A new study suggests that volunteering might actually reduce stress. Find out what other unexpected health benefits you’ll reap just by lending a hand.

By Brigitt Earley
Updated: September 16, 2014
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Cleaning up a local playground or serving dinner at a food pantry may make you feel good, but a recent Gallup poll suggests that volunteering may also make you less stressed.

Of the 100,000 American adults surveyed, 40 percent said they felt stressed or worried the day before being interviewed. However, only 34 percent of people who volunteered within the past year reported feeling stressed.

Additionally, Americans who volunteered scored nearly 12 points higher on Gallup’s well-being index than those who did not. Those who volunteered had an average score of 70, while those who did not serve in their community scored an average of 58.5 points. Researchers suggest that the volunteers’ increased well-being could be attributed to a greater sense of purpose and meaning, an opportunity to build relationships, increased physical activity, and a renewed perspective on life.

In addition to its possible stress-busting benefits, here are four more scientifically-backed benefits of volunteering:

1. You’ll be happier. While there are many factors that influence happiness, a 2008 study from the London School of Economics reported that, thanks to increased empathy and shifted priorities, people who volunteered (even as little as once a month!) were 7 percent happier than those who did not.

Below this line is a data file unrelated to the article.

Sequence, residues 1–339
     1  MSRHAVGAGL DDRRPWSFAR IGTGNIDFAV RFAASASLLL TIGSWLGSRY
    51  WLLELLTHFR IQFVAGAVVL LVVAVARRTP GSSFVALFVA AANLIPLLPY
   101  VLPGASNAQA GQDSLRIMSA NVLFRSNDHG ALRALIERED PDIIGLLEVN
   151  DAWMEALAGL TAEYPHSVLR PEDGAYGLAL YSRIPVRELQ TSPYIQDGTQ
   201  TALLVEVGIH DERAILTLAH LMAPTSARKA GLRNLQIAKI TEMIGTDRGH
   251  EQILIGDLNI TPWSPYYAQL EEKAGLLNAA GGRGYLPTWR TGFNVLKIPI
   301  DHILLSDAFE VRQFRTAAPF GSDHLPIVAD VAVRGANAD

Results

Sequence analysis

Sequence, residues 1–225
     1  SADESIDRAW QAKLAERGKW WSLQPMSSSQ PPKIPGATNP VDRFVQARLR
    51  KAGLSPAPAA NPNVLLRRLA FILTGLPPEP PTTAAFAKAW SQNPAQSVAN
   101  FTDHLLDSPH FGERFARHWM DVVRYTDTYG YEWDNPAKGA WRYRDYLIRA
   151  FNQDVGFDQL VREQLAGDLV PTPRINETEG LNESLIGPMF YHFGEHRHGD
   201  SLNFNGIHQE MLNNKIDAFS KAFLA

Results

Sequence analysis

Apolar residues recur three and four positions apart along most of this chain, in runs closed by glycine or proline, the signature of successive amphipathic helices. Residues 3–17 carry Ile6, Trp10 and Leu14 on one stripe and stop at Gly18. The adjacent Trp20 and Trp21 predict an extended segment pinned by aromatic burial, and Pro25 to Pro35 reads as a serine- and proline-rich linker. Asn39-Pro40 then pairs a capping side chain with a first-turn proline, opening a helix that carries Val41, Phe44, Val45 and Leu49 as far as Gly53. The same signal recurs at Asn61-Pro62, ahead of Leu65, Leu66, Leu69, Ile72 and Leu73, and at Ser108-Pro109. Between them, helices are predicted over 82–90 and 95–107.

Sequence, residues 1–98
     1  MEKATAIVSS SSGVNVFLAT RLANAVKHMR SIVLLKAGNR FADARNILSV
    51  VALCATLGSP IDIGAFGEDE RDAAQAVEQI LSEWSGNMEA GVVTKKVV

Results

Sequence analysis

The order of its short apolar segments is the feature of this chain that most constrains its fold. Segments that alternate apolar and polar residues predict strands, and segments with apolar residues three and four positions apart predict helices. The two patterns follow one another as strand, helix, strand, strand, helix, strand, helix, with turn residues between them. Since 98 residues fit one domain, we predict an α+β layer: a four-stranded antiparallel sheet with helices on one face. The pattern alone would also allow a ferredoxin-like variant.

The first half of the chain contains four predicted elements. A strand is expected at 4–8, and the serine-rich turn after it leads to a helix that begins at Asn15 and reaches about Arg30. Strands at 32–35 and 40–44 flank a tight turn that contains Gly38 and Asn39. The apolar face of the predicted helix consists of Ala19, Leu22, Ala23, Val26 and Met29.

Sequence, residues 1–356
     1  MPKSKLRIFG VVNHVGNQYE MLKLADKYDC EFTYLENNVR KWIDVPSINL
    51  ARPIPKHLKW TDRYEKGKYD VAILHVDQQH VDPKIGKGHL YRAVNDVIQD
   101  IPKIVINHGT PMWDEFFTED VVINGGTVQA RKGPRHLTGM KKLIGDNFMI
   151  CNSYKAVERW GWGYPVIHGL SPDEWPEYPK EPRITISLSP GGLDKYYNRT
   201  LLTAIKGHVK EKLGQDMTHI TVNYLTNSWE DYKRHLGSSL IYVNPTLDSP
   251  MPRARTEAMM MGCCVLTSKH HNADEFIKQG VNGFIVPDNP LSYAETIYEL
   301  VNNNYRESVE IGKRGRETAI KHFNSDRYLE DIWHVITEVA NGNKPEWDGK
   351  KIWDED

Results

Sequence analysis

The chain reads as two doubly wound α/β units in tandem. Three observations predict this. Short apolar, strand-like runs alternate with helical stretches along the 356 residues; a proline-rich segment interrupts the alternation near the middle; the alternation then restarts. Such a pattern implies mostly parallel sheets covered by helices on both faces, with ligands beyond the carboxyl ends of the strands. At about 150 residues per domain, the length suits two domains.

2. You’re more likely to live longer. A 2011 study showed that those who serve in their communities live longer than those who do not—as long as their motives for volunteering aren’t self-centered.

3. You’re less likely to experience depression. Focusing on others instead of your own day-to-day struggles may diminish stress and anxiety. A 2003 study from The University of Texas found that helping to improve your community lowers levels of anxiety and depression, especially in people over age 65. 

4.  You’re less likely to have high blood pressure. Researchers from Carnegie Mellon University discovered that older adults who spent at least 200 hours per year volunteering were 40 percent less likely to develop high blood pressure than those who did not volunteer.